Killer, Cop, Car
Author: Stephen King
Expectations are tricky business. When I pick up a Stephen King novel, I expect there to be something supernatural in there. Not because that’s all he can write, but because, well, there just usually is. Don’t be like me – check your expectations at the door and enjoy Mr. Mercedes for what it is – a darn good police procedural.
K. William Hodges is living on the edge – of sanity, reason and most of all, boredom. As a retired police detective, he’s having a lot of trouble finding meaning in his new, far less stressful but also less stimulating, life. He thinks too often about his guns and watches too much bad daytime television. The man needs something to do.
Someone else is also noticing that Hodges is on the edge. Only this person would like to push him right over and have him eat that gun. That someone also plowed a stolen Mercedes into a crowd of job seekers in one of Hodges’ final – and unsolved – cases. When a letter from the murderer arrives in the mail, inviting the retired detective to chat a little on the internet, Hodges does what he does best – he goes into police mode and begins to turn the game around on the killer. Who’s the cat and who’s the mouse? Looks like Hodges has something to do with that free time after all.
While not exactly a textbook “detective detects” type of crime novel, Mr. Mercedes has all the ingredients of the police procedural. Only Hodges doesn’t have quite all the resources (or legal standing) to do his investigating. This allows King to bring in some rather more interesting secondary characters to assist in the hunt for the killer. Jerome Robinson, the kid who does chores for Hodges and is on his way to Harvard in a couple of years, is his computer point man. Janelle Patterson is the sister of the woman whose stolen car was used in the original crime. The sister committed suicide after being hounded in the press (and by the police) for abetting the perpetrator by leaving her key in her unlocked car. Janelle wants to see her sister’s name cleared – she always swore she didn’t leave the car unlocked and Janelle thinks there’s something awry with the suicide. She’s willing to spend a lot of the fortune bequeathed her by the deceased to make that happen.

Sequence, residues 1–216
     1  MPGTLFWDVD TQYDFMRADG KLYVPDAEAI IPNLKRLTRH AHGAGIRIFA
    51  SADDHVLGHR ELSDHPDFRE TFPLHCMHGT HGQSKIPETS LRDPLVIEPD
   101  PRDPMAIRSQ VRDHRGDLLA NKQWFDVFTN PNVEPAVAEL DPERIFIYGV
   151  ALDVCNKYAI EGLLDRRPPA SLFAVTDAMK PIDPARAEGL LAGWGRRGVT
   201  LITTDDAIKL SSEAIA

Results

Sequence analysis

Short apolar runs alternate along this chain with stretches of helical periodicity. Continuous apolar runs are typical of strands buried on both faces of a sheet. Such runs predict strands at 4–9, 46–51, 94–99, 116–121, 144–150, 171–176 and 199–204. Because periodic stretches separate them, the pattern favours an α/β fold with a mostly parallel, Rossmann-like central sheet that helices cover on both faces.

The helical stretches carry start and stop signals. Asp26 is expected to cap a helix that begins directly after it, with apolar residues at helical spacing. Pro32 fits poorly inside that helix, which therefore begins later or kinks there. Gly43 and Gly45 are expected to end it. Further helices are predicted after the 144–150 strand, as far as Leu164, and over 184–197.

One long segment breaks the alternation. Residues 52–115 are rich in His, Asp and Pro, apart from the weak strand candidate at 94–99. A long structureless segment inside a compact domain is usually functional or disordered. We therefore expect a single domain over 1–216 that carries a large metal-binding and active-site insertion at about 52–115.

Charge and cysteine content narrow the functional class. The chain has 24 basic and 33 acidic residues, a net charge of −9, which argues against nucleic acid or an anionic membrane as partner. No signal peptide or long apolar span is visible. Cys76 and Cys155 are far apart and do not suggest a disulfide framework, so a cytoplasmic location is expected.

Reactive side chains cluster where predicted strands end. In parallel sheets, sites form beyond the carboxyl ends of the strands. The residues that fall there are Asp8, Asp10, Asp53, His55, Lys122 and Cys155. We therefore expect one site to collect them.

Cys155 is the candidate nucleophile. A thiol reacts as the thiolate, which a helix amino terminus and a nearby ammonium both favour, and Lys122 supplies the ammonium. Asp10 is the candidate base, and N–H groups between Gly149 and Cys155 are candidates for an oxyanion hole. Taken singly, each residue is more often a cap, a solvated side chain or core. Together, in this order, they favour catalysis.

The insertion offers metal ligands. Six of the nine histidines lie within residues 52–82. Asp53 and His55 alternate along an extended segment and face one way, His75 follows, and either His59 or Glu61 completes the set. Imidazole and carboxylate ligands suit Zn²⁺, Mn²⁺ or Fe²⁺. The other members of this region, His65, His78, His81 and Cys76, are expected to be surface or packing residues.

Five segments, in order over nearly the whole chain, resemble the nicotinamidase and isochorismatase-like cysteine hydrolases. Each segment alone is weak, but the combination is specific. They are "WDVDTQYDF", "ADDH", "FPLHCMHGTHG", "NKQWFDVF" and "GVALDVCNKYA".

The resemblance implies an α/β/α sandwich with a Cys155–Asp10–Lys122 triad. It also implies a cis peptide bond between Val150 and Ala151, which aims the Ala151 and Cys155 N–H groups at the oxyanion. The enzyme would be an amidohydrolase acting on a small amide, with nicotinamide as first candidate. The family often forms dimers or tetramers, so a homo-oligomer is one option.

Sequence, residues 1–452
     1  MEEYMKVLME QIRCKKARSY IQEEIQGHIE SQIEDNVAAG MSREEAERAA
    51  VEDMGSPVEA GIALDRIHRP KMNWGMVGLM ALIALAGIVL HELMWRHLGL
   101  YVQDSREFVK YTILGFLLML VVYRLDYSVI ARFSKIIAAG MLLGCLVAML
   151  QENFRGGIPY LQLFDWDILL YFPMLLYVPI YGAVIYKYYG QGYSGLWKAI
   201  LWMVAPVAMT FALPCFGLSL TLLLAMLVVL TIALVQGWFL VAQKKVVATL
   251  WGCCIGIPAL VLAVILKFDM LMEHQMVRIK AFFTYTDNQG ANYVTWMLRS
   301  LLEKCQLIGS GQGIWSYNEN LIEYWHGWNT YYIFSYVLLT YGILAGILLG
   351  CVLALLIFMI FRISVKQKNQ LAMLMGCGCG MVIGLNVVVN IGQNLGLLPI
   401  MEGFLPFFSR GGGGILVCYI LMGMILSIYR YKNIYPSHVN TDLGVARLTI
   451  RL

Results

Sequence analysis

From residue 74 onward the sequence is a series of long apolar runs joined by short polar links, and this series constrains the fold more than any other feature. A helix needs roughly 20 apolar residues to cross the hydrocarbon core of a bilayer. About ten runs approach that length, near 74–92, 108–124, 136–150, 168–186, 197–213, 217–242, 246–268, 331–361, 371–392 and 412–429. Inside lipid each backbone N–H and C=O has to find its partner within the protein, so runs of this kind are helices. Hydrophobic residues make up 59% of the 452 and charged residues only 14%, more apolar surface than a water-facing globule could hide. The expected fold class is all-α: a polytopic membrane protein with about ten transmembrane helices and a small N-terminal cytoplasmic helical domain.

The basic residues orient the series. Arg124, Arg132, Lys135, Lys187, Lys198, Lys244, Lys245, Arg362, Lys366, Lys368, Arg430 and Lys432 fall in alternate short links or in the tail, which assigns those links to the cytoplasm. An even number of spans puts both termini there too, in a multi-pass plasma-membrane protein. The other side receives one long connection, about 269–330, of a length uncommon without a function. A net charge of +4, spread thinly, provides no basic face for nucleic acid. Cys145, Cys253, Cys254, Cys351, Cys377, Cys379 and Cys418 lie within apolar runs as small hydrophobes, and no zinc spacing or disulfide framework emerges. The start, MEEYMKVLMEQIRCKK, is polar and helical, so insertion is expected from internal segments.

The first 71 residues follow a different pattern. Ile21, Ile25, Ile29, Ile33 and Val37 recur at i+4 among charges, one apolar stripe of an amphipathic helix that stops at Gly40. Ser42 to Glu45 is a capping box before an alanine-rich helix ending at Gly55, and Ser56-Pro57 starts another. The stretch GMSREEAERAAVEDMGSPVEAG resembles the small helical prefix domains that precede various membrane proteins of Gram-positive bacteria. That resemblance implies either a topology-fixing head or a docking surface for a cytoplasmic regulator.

Hodges, Janelle and Jerome are the heart of the story – just as important as the villain and the crime. Writing great characters is what sets King apart from many of his peers and he doesn’t disappoint in Mr. Mercedes. Both Hodges and the villain are smart and desperate – the juxtaposition of their responses to their individual torment makes for a terrific duel of wits, morality and compulsion. I like K. William; despite his many failings he’s got a sharp cop’s mind and a dogged determination that make him an aging, out of shape hero we can root for. His relationships with Janelle and Jerome are each sweet (in very different ways) and give King a chance to let his gruff cop be vulnerable.
Mr. Mercedes is tightly plotted, well-paced and with typically excellent King characters stands well above your average crime novel. Just don’t expect any paranormal shenanigans and you’ll find it a more than satisfying read. Recommended for open minded fans of King and of crime novels in general.
– S. Millinocket